Find love the Georgian way, from sharing books to keeping a lock of your intended’s hair.
If there was one thing the Georgians loved, it was the idea of love itself. The Georgian era, from the coronation of George I in 1714 to the death of George IV in 1830, saw a celebration of love and marriage in popular culture, including in bestselling novels such as Samuel Richardson’s Pamela, or Virtue Rewarded (1740), which reaches its climax with the marriage of the heroine to her master, Mr B.
Making a socially advantageous match that was also based on love and affection was the highest-stakes game men and women would ever play. How they experienced this emotionally fraught process is the subject of my book: The Game of Love in Georgian England.
In an age of rapid change in how we form our own attachments, it might be nice to shake things up and look to the past for some tips. Here are five dating trends from the Georgians that might shape up the process of looking for love.
The Georgian era was the great age of letter writing, with courting couples exchanging a veritable torrent of romantic missives. Some found that the practice of writing helped them to express sentiments that they wouldn’t dare verbalise in person. As treasured sources of intimacy, introspection and self-revelation, a flurry of love letters could even surpass the number of in-person meetings.
Letters were treated as precious vessels for love to be touched, kissed, spritzed with perfume and used to inspire romantic verse. They were often carried around in a person’s pockets, and hidden beneath their pillow to inspire dreams while they slept at night.
Many kept their love letters to reread over and over again, storing them away as precious evidence of a relationship and a momentous time in their lives. (And, if it came to it, important physical evidence of commitment in court.)
Share a Good Book
The period saw a boom in the number of printed titles, with the novel emerging as a new genre and ever-increasing numbers of men and women able to read and write. As a result, books became popular romantic gifts.
Some women used books to try and get a man to express his feelings more readily. The feminist philosopher Mary Wollstonecraft sent a volume of Jean-Jacques Rousseau’s best-selling novel Julie, or The New Heloise (1761) to her lover William Godwin in 1796, with the request that he “dwell on your own feelings – that is to say, give me a bird’s-eye view of your heart”.
The shrewdest lovers marked up their books by highlighting the passages that they most agreed with, thereby ensuring that they found a spouse with a similar intellect, interests and outlook on life.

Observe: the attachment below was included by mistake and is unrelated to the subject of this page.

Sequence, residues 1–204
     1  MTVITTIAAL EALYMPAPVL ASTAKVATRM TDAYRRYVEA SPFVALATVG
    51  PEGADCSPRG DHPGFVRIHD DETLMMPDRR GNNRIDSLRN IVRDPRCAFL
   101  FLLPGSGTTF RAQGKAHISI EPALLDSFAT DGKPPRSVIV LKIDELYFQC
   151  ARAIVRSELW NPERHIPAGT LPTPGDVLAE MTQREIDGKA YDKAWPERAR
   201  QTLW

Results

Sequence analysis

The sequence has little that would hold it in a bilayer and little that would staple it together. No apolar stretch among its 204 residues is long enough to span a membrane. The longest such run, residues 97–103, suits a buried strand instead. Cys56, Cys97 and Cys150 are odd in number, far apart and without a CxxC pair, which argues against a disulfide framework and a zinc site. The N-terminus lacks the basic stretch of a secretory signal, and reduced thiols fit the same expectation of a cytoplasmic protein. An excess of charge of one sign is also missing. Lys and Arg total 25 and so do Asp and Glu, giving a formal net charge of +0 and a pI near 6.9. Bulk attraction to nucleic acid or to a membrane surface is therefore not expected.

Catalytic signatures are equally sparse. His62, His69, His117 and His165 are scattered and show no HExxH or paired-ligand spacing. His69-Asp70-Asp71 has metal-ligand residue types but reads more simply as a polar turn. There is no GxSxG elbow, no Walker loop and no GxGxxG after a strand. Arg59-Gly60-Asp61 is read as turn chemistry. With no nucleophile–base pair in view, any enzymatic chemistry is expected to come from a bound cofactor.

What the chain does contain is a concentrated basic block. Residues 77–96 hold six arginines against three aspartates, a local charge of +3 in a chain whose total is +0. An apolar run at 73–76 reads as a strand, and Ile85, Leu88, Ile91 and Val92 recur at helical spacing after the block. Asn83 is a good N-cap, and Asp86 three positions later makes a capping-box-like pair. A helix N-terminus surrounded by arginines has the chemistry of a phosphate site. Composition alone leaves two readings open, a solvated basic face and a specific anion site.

Georgian women invested hours making delicately crafted gifts for their suitors. A woman might make her lover a handkerchief, waistcoat, watch chain, watch paper and ruffles as tokens of her affection. The act both demonstrated her virtue and accomplishment as a needlewoman, while showing her investment in a relationship through the time and labour that she dedicated to it. It also enabled her to lay claim to a man when he wore her creations in public.
Say It With Hair
What could be so personal as literally giving someone part of your body as a gift?
Hair had special meaning as a token as – like everlasting love – it did not fade or decay over time. To give a man a lock of your hair was a sure sign that you would soon be wed. As Margaret Dashwood presumed in Jane Austen’s Sense and Sensibility (1811), Willoughby and Marianne were certain to “be married very soon, for he has got a lock of her hair”. The Georgians set locks of hair into an assortment of jewellery including buttons, brooches, lockets, bracelets, and rings, which were plaited, studded with tiny seed pearls, and even chopped up to make delicate hair-work paintings.
It wasn’t always hair from your head either. The aristocrat Lady Caroline Lamb sent an envelope of pubic hair to her lover Lord Byron during their torrid affair in 1812, and the Yorkshire heiress Anne Lister stored pubic hair collected from her female lovers in a cabinet, which she kept as “curiosities”.
Poorer rural couples engaged in a tradition known as “bundling” which was practised throughout Wales, Ireland, and Scotland. It involved a couple getting into bed together in the woman’s family home – fully-dressed – sometimes separated by a plank of wood, or with the woman’s petticoat tied at the bottom with a knot. The ritual helped couples to bond by spending time alone and staying up late talking, without necessarily committing to sex.
And yet plenty of young couples did that too – illegitimacy rates rose steeply over the century, and up to one-third of brides in England were already pregnant on their wedding day.
These various words, tokens and acts of love provided a vital means for men and women to get to know each other, test their compatibility, and build a greater intimacy before marriage. The ultimate goal was a happy and contented union with a partner of similar rank and fortune. It provided a crucial pathway to that other key goal of the era – and indeed for many relationships today – lasting happiness.